Sunday, November 25, 2012

The week in ADHD news

One of the more aggravating things about ADHD is feeling like you have to constantly convince people that it's real. And not some made-up excuse to drug a bratty kid into submission. Or a way of justifying bad parenting. Etc.

Which was why it was sort of heartening to read about this study out of Sweden, which found that teens and adults with ADHD were more likely to commit criminal behavior -- but dramatically less likely to commit criminal behavior if they were still on ADHD medication. Said a professor who's researched ADHD but wasn't involved in this study:
"There definitely is a perception that it's a disease of childhood and you outgrow your need for medicines. We're beginning to understand that ADHD is a condition for many people that really lasts throughout their life."

Probably I should be flipping out about the idea that kiddo is more prone to criminal behavior, but I'm just delighted to see an article based on the idea that ADHD is real. As opposed to wondering whether it is real, or whether it's overdiagnosed, etc.

On the other hand, there was this story, which found that the youngest kids in a class were more likely to have trouble with academics and behavioral issues, and were also 50 percent more likely than the oldest kids in their class to be prescribed ADHD medications by the time they hit seventh grade.

In other words: 1. Maybe meds are overprescribed after all. 2. The parents who obsess about school cutoff dates and holding their kids back an extra year might actually have the right idea. Although the researchers said the study might not be conclusive across the board, and could possibly also mean that ADHD is undertreated in the older kids, not overtreated in the younger kids.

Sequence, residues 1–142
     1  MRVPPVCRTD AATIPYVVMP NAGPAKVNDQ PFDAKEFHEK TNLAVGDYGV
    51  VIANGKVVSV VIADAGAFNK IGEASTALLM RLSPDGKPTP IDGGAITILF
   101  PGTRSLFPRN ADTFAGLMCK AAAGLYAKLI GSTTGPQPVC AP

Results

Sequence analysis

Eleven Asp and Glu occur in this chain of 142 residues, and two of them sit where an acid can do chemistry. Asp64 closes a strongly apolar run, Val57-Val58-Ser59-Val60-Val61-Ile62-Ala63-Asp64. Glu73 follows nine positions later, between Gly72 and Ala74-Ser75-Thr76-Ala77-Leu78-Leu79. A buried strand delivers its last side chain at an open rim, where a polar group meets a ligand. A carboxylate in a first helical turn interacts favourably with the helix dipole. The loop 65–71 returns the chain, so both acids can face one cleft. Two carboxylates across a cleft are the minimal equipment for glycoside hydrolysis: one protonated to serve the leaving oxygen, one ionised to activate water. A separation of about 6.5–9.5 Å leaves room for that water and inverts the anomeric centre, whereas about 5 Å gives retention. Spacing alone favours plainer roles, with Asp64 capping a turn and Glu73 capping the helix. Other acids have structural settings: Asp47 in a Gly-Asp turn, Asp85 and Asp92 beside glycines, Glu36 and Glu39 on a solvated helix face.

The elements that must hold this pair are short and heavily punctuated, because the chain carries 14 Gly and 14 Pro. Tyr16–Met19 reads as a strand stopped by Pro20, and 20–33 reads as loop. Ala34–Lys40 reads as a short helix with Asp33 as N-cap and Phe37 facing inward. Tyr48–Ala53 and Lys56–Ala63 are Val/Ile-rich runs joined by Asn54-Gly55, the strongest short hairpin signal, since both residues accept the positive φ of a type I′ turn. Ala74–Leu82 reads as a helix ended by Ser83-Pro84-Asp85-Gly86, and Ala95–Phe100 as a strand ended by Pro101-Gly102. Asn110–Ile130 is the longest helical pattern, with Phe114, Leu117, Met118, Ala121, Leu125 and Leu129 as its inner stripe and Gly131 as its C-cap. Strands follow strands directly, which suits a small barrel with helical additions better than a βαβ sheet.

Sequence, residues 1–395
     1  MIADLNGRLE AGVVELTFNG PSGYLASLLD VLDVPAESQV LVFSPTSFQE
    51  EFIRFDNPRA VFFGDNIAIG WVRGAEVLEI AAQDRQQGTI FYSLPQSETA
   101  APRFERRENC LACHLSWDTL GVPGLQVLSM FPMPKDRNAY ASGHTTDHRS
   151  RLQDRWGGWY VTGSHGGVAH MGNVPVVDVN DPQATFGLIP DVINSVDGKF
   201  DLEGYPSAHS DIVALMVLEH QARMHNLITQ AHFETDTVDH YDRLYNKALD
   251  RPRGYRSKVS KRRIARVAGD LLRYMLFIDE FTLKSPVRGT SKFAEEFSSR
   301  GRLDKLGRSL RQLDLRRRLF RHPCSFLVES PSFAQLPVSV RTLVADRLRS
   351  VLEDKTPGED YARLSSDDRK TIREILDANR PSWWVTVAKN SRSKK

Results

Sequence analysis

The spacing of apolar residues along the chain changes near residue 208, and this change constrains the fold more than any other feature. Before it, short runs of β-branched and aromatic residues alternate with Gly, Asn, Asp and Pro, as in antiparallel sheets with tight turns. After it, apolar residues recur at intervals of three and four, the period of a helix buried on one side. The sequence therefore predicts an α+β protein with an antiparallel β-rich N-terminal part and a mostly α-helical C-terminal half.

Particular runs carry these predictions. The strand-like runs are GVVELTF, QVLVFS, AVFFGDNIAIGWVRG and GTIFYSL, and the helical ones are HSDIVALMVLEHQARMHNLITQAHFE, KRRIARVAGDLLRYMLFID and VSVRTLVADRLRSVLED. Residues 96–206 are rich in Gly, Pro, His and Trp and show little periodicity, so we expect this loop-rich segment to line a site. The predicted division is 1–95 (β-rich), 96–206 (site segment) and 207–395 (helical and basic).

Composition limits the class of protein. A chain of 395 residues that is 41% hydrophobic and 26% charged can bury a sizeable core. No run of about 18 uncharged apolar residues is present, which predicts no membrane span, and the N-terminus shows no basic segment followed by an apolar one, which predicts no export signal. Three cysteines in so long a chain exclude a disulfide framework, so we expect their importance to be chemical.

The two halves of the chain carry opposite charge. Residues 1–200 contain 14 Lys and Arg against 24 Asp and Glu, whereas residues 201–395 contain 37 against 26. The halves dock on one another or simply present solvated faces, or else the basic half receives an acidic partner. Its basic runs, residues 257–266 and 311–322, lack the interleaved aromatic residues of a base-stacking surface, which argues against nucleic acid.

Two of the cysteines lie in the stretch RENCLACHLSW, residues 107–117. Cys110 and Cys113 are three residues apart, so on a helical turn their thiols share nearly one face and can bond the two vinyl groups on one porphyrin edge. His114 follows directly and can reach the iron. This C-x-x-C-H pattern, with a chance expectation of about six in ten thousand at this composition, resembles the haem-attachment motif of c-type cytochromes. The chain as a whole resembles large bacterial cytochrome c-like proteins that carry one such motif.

So, a bit of an up-and-down week in news stories.

In more local (ahem) news, kiddo had a couple of good days this week, thus proving that it's possible for him to have good days. We restarted the star chart and that seems to have made an impression. I also, for whatever it's worth, started giving him gluten-free foods. I'm not being completely strict about it -- if I were, I would've banned all gluten from his diet for a few weeks to see if it made a difference -- but I am keeping him gluten-free at school, just to see what happens. Supposedly ADHD kids sometimes have food sensitivities -- not allergies -- to gluten and/or dairy.  If I get the sense that any of his behavior is somehow food-related, I'll modify his diet further.

There is of course the possibility that he'll be this way no matter what he eats, so I'm not being too obsessive about it.

The OT at school finished her assessment so we should have some results this coming week, when we meet with the school again. Kiddo's teacher noted that the OT said he seemed distracted during the evaluation. Again, glad they're seeing what we're seeing. The in-class observation won't happen till December -- thanks a lot, Sandy -- and we'll meet on those results in January. Progress is progress.

At any rate, kiddo and kiddette had a lovely Thanksgiving and even tried to dance along with the Rockettes during the parade. And since all of our immediate neighbors have already put up their Christmas lights, it's time to move on to the December Month of Shopping Madness and Way Too Much Sugar. Um ... hooray?

Sunday, November 18, 2012

And now back to our regularly scheduled angst